Cape moves full STEAM ahead

Selected fifth-graders will engage in hands-on approach
September 22, 2014

A new program with a twist on the latest science and technology trend is available for accelerated fifth-grade learners in the Cape Henlopen School District.

STEAM, which adds art to the science, technology, engineering and mathematics disciplines originally emphasized through the STEM program, will be offered to top-learning fifth-graders at all Cape elementary schools.

Last year, Milton and Rehoboth elementaries piloted the program with great success, said Donna Kolakowski, supervisor of elementary education for the district.

“We expanded to all the schools after it went well at Milton and Rehoboth,” she said. The STEAM program is meant to inspire creativity, innovation, problem solving and critical and computational thinking above and beyond the curriculum, Kolakowski said.

The district received a $58,000 Accelerated Learner grant from the Delaware Department of Education to implement the program at all four elementary schools.

In all, she said, about 60 students will participate - about 10 to 15 percent of the top performing students in math and language chosen from each school. Students will meet during scheduled Response of Intervention time – a time normally set aside during the school day for students who need extra help in a subject.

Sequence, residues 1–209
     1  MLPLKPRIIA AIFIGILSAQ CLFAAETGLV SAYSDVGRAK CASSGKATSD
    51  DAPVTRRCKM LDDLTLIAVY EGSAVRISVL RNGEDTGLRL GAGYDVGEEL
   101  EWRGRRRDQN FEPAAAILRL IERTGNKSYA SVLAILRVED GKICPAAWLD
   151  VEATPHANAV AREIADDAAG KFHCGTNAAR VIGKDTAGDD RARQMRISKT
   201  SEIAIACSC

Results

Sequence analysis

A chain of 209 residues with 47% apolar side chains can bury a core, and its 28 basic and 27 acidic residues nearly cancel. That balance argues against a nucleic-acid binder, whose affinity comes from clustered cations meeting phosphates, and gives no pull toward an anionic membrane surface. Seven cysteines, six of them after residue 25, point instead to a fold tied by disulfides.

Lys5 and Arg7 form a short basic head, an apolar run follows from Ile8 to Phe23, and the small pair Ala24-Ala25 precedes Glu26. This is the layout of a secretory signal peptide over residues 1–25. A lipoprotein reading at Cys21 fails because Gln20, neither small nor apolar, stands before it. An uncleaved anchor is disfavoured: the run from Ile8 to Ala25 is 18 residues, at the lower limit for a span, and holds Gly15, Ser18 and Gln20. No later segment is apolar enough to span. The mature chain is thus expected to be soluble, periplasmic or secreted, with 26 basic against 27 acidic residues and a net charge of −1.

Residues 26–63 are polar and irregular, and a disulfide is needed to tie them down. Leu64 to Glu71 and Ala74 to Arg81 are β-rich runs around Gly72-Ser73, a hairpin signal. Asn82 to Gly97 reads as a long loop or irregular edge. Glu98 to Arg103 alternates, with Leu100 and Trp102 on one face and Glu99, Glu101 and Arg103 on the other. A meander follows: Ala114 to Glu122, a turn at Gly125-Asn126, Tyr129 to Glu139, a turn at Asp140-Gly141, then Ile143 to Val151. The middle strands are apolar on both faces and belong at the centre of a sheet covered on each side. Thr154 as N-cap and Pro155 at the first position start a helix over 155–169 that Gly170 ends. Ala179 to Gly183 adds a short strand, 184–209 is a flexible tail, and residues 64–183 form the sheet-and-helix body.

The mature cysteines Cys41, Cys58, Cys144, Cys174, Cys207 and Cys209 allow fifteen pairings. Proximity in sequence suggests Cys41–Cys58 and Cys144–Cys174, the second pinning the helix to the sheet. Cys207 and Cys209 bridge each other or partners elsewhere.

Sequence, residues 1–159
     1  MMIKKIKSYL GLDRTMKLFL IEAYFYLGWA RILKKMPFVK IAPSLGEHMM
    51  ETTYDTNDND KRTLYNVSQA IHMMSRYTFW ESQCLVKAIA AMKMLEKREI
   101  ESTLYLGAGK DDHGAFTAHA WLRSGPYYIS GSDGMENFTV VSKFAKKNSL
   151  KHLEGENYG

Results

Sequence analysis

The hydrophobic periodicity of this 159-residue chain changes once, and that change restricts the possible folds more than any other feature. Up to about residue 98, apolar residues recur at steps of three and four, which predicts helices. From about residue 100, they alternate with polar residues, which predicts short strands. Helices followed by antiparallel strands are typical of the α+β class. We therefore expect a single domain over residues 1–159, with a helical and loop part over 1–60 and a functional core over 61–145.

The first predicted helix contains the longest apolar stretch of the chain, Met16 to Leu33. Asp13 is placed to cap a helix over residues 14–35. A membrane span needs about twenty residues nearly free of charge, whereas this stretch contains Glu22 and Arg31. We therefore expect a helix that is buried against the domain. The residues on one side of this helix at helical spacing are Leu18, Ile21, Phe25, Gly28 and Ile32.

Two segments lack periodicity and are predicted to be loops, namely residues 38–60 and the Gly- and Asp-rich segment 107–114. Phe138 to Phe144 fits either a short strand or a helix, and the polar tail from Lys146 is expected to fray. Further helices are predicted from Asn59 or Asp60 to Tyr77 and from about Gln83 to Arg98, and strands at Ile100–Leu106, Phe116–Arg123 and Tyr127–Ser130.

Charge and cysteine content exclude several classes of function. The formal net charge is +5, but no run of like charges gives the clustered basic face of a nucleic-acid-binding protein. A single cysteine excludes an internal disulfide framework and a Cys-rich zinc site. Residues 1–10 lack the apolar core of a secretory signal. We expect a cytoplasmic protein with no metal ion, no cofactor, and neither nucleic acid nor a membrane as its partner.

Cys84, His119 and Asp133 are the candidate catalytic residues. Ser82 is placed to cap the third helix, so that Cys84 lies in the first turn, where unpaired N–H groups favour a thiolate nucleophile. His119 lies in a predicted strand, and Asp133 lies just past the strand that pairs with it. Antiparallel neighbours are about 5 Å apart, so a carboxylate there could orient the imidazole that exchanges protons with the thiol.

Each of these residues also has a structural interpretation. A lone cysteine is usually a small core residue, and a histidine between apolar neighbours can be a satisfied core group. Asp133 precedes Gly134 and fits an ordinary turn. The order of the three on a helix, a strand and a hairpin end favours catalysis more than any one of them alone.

For the first project, Kolakowski said, students will research a global problem that impacts their community. Students will use Geographical Information Systems and other technology to gather and analyze data related to the problem; then, they will use computer animation and Lego-Robotics kits to build 3D models and design prototypes that show solutions to the global problem, Kolakowski said.

Additionally, she said, University of Delaware researchers will help assist with GIS mapping, interpretation and analysis. And field trips will give students a broader range of experience. A trip to the College of Marine Studies will give students hands-on experience with aquatic education. Students also will take a trip to Cape Henlopen Nature Center for a geocaching project. They will use iPads to create mini documentaries of their experience, Kolakowski said.

“The grant provides an opportunity for deep instruction in the Next Generation Science Standards,” Kolakowski said. “The standards are a perfect match for a hands-on approach. The team building and scientific exploration will engage the students in higher order of thinking.”

Students will use a Museum of Science in Boston textbook, “Engineering is Elementary,” that includes units on ecosystems, landforms, air, weather and water and energy and machines.

“The program will expose students to a variety of learning experiences that will deepen their understanding and develop their abilities for career paths and life options,” Kolakowski said.